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Venturi, the expert in electric transport, has designed a zero-emission vehicle that can withstand temperatures as low as -50°C.

The Antarctica project is a bold one: providing the scientific community with its own means of transport enabling access and the movement of essential equipment to polar missions.

The project’s origins date back to 2009. On his return from a trip to Antarctica during which he visited 21 polar bases, Prince Albert II set Venturi Automobiles the challenge of developing an electric, non-polluting vehicle designed to cope with the extreme conditions found at the poles.

“Until now, researchers have had to get around on foot in some areas, in order to avoid polluting them,” explains Venturi President Gildo Pastor. “Now, with the Venturi Antarctica, they will have access to an efficient, very manoeuvrable vehicle with excellent traction. Scientists will be able to carry out their research under optimum conditions, without polluting these sites where analysis requires molecular precision.”

The Antarctica is an electric vehicle with wheel-mounted caterpillar tracks. Offering 2x60kW power and weighing in at around 2 tonnes, it can carry three people, as well as luggage and equipment. It has a range of approximately 50 kilometres and a speed of 25 kilometres per hour in realistic operating conditions.

© Venturi
Expedition Back to Telegraph Creek © Sarah Del Ben

Between 2013 and 2015 Venturi developed a prototype. Following initial trials, the manufacturer came up with a new version, incorporating the technology invented for its race cars which compete in the Formula E championship.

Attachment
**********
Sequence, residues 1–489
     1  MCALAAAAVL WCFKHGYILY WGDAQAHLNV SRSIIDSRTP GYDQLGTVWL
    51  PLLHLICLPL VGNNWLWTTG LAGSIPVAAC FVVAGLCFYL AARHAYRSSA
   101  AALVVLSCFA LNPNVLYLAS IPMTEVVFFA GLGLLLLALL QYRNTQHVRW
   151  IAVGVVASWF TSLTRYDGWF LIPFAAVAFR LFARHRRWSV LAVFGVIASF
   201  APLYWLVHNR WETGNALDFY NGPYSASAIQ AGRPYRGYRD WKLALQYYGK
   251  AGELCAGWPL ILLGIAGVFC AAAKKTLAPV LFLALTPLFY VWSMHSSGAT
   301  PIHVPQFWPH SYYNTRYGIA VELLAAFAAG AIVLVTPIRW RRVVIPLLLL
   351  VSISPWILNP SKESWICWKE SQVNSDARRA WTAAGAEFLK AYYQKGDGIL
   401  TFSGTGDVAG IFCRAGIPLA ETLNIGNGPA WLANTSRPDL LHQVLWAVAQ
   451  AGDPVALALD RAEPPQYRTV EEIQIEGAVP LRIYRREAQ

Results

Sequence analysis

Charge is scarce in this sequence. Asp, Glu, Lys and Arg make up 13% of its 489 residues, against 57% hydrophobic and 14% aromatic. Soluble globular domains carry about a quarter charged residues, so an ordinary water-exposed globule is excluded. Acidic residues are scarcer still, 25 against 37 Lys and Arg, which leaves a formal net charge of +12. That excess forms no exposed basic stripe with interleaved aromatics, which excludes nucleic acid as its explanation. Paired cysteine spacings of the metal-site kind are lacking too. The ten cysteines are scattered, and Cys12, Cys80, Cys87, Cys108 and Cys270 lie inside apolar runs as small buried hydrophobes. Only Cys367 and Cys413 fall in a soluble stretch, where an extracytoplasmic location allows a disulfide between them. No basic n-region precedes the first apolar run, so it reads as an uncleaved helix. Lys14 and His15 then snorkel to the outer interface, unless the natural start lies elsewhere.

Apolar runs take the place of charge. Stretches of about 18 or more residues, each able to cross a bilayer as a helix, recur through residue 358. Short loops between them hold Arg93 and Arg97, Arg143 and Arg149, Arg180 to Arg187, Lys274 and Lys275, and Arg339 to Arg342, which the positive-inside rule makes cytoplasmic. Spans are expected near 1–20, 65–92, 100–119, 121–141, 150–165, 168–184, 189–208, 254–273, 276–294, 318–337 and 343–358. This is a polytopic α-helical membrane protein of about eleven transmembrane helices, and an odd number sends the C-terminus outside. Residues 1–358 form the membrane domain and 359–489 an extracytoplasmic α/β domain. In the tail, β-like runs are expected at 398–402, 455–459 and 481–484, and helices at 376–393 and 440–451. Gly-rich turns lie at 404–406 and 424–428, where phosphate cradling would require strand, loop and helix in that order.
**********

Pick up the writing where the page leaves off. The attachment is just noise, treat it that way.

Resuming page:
The first full-scale test took place on 6 March 2019 in British Columbia (Canada). The Antarctica covered 42 kilometres in extreme conditions with temperatures dropping as low as -30°C. Prince Albert II of Monaco, Canadian astronaut Chris Hadfield and President of Venturi North America Xavier Chevrin were at the controls for this expedition on Telegraph Creek Road, considered to be one of the most dangerous routes in the world.

The Back to Telegraph Creek expedition is one of the Venturi Global Challenges, missions organised by Venturi Automobiles to test the company’s electric vehicles in the most extreme conditions and most challenging terrains on the planet.

It follows in the footsteps of the Croisière Blanche, an expedition conceived in the early 1930s by French car manufacturer Citroën. That attempt to cross north-western Canada was not successful at the time due to disastrous weather conditions. Thanks to Venturi technology, the mission has now been accomplished.

© Venturi
Expedition Back to Telegraph Creek © Sarah Del Ben

The Venturi Antarctica will be a significant asset for improving our understanding of the polar regions, the first to be impacted by the effects of climate disruption.

H.S.H. Prince Albert II of Monaco.

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